There were so many moments while playing The Riftbreaker where I stood on the precipice of annihilation – my resources dwindled, my base relatively defenseless as I struggled to put out fires, and tens of thousands of aggressive aliens marching in my direction. Whether I’m managing resources, building my home base, making upgrade decisions for my mech, or battling hordes of enemies, this top-down RTS / shooter hybrid rarely leaves me feeling at ease, in a good way. Even with several unfortunate mistakes and a smooth history, surviving on the skin of my teeth through meticulous time management and split-second decision making made it all worthwhile.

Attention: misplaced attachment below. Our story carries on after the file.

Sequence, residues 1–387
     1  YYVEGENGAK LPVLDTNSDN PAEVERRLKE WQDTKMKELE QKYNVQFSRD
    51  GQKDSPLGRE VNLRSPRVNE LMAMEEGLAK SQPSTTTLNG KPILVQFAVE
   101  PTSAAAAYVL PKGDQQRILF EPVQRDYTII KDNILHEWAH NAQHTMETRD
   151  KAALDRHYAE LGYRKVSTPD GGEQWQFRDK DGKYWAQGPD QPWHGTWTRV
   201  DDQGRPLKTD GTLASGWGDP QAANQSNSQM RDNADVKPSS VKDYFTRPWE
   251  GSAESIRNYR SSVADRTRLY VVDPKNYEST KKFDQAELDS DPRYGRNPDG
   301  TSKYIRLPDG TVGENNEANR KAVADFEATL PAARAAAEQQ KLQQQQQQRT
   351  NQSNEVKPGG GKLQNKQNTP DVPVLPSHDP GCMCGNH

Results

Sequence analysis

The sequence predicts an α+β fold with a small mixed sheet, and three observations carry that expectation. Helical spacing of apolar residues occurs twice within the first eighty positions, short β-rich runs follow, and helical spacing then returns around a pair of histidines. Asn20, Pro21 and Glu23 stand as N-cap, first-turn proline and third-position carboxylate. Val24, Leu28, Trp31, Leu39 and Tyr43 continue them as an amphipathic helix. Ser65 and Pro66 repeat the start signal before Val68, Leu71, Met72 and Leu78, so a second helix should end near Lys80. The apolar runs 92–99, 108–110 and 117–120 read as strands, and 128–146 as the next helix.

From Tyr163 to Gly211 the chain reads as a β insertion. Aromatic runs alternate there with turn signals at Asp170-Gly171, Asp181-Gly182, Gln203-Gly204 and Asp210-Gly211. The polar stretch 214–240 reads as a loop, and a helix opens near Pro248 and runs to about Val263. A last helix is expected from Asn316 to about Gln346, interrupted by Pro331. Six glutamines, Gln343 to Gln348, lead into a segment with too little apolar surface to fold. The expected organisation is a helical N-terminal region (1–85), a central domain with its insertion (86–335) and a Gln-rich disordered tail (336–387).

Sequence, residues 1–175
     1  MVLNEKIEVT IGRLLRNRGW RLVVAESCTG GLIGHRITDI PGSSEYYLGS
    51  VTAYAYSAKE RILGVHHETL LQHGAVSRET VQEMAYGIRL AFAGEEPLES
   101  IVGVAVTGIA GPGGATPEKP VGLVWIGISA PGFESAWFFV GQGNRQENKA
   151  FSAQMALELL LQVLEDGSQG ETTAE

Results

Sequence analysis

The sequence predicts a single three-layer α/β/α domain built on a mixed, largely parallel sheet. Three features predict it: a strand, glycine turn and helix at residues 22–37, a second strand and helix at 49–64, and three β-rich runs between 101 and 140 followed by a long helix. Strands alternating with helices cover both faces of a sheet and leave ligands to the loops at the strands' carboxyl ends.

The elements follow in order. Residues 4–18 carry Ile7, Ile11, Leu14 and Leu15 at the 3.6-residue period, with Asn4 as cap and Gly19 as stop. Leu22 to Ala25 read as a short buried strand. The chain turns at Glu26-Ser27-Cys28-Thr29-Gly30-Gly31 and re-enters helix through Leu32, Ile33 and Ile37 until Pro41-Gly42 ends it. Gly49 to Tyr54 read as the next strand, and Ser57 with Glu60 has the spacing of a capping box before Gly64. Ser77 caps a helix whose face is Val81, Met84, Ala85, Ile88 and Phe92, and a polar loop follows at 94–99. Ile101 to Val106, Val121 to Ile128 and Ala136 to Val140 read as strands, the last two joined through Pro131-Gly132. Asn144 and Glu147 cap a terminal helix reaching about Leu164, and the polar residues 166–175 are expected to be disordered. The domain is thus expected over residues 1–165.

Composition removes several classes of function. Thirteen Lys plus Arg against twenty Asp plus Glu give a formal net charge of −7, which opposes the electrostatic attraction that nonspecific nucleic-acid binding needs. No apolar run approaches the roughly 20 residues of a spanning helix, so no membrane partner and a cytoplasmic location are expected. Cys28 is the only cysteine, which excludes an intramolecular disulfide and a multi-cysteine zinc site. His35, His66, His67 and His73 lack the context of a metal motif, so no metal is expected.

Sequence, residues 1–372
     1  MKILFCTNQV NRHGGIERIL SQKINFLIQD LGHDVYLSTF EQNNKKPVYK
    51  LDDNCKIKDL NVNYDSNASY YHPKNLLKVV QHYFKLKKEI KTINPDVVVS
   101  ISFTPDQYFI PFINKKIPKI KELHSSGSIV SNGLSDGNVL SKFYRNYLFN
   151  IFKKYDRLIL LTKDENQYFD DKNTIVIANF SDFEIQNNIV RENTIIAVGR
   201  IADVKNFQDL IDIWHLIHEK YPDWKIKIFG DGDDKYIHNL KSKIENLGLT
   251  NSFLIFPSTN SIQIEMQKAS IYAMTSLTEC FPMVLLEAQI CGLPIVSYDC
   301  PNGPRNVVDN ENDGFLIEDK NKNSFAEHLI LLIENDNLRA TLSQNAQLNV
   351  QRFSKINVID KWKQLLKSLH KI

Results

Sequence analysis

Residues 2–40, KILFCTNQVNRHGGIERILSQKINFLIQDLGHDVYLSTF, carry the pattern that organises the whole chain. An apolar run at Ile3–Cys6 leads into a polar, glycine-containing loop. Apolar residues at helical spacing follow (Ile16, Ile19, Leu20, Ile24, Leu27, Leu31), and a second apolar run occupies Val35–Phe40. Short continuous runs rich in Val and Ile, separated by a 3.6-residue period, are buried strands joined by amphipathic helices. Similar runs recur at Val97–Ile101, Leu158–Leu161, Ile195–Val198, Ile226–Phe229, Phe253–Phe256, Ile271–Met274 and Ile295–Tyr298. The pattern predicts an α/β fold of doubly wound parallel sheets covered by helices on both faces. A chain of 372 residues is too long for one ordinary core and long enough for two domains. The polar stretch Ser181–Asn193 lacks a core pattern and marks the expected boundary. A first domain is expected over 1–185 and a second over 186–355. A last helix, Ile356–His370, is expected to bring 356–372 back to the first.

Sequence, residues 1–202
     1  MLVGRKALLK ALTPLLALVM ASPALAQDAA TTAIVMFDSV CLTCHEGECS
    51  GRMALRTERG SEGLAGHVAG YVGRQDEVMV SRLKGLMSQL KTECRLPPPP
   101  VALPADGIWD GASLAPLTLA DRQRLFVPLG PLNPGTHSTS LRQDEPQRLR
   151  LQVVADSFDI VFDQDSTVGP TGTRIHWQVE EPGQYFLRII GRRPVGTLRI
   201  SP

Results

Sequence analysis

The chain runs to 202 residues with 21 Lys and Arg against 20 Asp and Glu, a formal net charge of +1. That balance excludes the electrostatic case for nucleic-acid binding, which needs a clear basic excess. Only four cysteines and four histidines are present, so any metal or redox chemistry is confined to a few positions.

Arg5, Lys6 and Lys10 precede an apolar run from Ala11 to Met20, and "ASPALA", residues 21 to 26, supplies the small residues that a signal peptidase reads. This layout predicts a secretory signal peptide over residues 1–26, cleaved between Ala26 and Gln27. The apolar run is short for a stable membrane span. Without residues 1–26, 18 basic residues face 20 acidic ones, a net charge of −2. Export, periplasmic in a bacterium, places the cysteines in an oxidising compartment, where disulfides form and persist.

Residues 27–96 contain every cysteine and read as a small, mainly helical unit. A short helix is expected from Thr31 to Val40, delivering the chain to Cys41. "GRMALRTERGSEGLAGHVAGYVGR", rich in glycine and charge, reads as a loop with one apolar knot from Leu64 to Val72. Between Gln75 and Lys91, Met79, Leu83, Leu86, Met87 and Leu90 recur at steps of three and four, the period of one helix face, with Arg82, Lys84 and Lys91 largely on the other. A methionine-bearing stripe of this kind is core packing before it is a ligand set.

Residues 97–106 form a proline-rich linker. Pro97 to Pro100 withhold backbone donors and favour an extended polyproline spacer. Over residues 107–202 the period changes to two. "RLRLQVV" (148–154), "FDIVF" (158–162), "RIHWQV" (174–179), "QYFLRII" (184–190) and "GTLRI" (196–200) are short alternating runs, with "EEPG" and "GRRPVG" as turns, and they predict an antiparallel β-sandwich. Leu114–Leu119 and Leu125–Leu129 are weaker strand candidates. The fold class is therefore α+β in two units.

As a frontiersman sent to colonize the unexplored planet of Galatea 37, you run in a mech and have to establish a base of operations, survive the incredibly hostile local flora and fauna, and open a portal back to Earth before they eat you several. thousands of monsters (or have a panic attack in real life). The characters and story are smooth and forgettable and feel like an afterthought primarily used as an excuse to give you increasingly challenging objectives to complete. The writing and voice acting in particular are often ridiculous, and the main character, Ashley, is as interesting as a sheet of drywall. But The Riftbreaker succeeds in so many other ways that it was pretty easy for me to ignore the horrible jokes playing in the background.